Prognostic factors for malignant mesothelioma in 142 patients: validation of CALGB and EORTC prognostic scoring systems
- aDepartment of Respiratory Medicine and Thoracic Surgery, Glenfield Hospital NHS Trust, Groby Road, Leicester LE3 9QP, UK, bUniversity Department of Medical Oncology, Leicester Royal Infirmary, Leicester LE1 5WW, UK, cDepartment of Epidemiology and Public Health, University of Leicester, Leicester LE1 6TP, UK
- Dr K J O'Byrne email:
- Received 26 November 1999
- Revision requested 9 February 2000
- Revised 26 April 2000
- Accepted 15 May 2000
BACKGROUND The incidence of malignant mesothelioma is increasing. There is the perception that survival is worse in the UK than in other countries. However, it is important to compare survival in different series based on accurate prognostic data. The European Organisation for Research and Treatment of Cancer (EORTC) and the Cancer and Leukaemia Group B (CALGB) have recently published prognostic scoring systems. We have assessed the prognostic variables, validated the EORTC and CALGB prognostic groups, and evaluated survival in a series of 142 patients.
METHODS Case notes of 142 consecutive patients presenting in Leicester since 1988 were reviewed. Univariate analysis of prognostic variables was performed using a Cox proportional hazards regression model. Statistically significant variables were analysed further in a forward, stepwise multivariate model. EORTC and CALGB prognostic groups were derived, Kaplan-Meier survival curves plotted, and survival rates were calculated from life tables.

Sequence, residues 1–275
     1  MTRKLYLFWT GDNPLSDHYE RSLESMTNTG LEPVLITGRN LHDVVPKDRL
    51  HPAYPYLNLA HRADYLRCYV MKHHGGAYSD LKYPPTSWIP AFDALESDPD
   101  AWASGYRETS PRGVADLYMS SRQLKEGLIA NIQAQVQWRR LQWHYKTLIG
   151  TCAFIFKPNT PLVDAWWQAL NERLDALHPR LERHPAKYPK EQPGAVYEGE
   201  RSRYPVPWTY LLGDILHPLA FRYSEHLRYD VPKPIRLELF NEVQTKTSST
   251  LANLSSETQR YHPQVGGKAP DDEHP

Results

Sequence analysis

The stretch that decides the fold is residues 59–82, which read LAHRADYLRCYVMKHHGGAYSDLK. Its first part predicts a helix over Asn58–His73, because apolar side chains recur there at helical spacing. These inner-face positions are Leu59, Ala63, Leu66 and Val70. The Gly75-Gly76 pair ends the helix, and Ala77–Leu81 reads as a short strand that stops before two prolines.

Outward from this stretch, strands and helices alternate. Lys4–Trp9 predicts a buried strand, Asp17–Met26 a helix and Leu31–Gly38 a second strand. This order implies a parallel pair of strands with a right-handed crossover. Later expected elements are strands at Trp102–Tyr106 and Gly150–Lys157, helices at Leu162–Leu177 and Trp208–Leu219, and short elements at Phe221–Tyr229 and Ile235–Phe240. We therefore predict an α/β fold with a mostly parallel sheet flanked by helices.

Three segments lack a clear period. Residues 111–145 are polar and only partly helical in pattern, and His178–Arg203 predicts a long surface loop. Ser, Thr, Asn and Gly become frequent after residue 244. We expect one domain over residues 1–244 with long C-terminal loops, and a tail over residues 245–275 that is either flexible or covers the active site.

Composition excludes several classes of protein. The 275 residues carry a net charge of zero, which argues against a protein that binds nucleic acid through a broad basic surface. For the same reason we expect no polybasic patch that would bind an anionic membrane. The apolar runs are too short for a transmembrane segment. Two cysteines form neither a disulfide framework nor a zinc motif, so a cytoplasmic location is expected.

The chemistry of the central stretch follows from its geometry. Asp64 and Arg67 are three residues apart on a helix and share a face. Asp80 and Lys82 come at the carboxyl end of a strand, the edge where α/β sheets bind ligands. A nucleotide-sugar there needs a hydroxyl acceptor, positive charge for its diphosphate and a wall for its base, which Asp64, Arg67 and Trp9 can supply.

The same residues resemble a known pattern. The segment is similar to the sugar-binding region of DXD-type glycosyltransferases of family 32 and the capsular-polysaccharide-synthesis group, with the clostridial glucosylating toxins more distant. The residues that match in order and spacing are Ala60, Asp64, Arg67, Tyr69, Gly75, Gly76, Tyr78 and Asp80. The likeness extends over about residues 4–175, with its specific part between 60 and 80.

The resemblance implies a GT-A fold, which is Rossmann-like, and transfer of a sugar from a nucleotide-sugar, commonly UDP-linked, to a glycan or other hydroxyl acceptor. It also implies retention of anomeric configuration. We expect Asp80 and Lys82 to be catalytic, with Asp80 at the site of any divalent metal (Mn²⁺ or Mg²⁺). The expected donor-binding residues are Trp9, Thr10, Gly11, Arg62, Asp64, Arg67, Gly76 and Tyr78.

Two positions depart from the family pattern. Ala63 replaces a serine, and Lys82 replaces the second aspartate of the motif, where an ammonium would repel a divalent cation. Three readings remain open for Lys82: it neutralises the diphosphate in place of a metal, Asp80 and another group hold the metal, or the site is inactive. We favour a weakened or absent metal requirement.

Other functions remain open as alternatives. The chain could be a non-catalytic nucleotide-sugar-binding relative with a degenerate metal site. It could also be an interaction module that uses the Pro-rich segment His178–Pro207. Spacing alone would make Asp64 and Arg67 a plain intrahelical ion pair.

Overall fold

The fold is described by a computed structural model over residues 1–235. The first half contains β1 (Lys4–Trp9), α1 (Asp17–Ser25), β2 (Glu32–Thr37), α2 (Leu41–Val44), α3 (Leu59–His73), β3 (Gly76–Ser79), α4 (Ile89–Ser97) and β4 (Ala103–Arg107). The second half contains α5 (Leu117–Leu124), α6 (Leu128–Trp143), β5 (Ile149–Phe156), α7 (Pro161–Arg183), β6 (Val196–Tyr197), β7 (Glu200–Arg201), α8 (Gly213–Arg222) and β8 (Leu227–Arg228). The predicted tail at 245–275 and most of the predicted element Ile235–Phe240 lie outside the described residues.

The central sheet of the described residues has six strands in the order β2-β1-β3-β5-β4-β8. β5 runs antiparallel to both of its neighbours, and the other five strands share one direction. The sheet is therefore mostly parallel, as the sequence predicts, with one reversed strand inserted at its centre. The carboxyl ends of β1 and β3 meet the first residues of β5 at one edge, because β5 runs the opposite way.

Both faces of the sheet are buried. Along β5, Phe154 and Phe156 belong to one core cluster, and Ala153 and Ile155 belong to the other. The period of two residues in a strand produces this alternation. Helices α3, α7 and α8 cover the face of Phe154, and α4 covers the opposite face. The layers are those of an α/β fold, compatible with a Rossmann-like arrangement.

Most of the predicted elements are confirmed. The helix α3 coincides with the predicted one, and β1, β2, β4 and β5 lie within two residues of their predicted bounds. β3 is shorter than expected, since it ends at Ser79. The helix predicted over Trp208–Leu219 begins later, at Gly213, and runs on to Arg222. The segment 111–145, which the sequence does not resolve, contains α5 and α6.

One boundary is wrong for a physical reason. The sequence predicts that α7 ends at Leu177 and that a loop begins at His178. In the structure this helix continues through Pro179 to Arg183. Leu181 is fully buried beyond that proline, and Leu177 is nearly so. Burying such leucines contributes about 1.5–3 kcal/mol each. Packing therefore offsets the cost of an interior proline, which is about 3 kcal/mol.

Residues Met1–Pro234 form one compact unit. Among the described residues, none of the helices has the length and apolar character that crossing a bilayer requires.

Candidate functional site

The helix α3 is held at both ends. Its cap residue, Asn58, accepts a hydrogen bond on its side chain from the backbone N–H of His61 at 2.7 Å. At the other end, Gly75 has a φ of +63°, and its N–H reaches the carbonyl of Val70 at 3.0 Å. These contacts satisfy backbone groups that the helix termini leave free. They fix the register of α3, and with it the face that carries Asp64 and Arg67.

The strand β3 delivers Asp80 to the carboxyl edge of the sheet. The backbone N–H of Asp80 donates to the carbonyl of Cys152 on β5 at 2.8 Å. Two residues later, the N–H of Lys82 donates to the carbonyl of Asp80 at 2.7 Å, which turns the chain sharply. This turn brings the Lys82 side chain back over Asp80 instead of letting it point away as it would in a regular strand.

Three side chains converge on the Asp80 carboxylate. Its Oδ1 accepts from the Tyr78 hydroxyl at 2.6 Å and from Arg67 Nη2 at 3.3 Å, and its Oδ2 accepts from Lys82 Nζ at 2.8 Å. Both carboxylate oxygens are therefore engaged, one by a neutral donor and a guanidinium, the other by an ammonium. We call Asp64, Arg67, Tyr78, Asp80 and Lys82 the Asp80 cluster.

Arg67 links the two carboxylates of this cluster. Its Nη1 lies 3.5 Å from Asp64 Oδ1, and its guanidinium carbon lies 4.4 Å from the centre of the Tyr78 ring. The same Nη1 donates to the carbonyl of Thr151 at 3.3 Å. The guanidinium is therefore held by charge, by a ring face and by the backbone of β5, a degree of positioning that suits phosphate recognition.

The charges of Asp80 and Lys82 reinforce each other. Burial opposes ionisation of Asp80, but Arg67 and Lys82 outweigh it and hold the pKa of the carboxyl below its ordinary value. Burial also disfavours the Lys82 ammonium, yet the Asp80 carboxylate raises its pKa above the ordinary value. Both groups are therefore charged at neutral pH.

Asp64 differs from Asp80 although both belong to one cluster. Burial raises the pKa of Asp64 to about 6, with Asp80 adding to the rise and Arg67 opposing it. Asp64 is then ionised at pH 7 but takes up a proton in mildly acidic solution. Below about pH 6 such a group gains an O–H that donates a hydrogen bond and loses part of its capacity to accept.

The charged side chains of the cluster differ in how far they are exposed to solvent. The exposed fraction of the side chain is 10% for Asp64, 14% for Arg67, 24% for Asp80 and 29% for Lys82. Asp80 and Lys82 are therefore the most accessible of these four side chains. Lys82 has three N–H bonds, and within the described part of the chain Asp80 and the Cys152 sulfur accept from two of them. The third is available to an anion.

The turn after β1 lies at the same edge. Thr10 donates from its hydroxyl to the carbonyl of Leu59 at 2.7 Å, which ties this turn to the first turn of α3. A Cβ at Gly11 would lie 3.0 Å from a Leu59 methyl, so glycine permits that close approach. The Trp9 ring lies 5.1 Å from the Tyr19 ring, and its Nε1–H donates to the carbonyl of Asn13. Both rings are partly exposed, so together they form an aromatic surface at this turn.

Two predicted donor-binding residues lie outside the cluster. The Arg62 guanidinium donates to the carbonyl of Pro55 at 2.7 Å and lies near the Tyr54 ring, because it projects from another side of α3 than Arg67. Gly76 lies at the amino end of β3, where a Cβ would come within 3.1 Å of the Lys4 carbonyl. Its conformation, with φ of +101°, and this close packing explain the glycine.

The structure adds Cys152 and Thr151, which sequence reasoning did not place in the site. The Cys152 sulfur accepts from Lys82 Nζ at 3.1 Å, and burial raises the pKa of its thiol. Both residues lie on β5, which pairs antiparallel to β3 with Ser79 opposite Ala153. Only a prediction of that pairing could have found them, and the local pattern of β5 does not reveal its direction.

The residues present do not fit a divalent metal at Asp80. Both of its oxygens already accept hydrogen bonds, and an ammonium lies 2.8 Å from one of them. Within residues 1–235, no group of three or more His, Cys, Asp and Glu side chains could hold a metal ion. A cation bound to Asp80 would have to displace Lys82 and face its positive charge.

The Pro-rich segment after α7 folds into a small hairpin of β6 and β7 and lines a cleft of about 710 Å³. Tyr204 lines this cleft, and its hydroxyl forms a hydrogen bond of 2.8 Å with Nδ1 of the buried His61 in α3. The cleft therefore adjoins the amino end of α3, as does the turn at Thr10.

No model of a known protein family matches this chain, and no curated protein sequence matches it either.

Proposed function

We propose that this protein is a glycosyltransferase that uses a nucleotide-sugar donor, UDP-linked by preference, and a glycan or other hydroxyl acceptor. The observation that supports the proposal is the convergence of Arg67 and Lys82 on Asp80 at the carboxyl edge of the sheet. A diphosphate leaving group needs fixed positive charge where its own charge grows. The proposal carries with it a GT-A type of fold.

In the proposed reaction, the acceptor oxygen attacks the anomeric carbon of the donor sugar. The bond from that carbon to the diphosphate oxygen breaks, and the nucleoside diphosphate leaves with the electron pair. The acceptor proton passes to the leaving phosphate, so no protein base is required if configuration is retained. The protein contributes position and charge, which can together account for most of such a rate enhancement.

RESULTS Significant poor prognostic factors in univariate analysis included male sex, older age, weight loss, chest pain, poor performance status, low haemoglobin, leukocytosis, thrombocytosis, and non-epithelial cell type (p<0.05). The prognostic significance of cell type, haemoglobin, white cell count, performance status, and sex were retained in the multivariate model. Overall median survival was 5.9 (range 0–34.3) months. One and two year survival rates were 21.3% (95% CI 13.9 to 28.7) and 3.5% (0 to 8.5), respectively. Median, one, and two year survival data within prognostic groups in Leicester were equivalent to the EORTC and CALGB series. Survival curves were successfully stratified by the prognostic groups.
CONCLUSIONS This study validates the EORTC and CALGB prognostic scoring systems which should be used both in the assessment of survival data of series in different countries and in the stratification of patients into randomised clinical studies.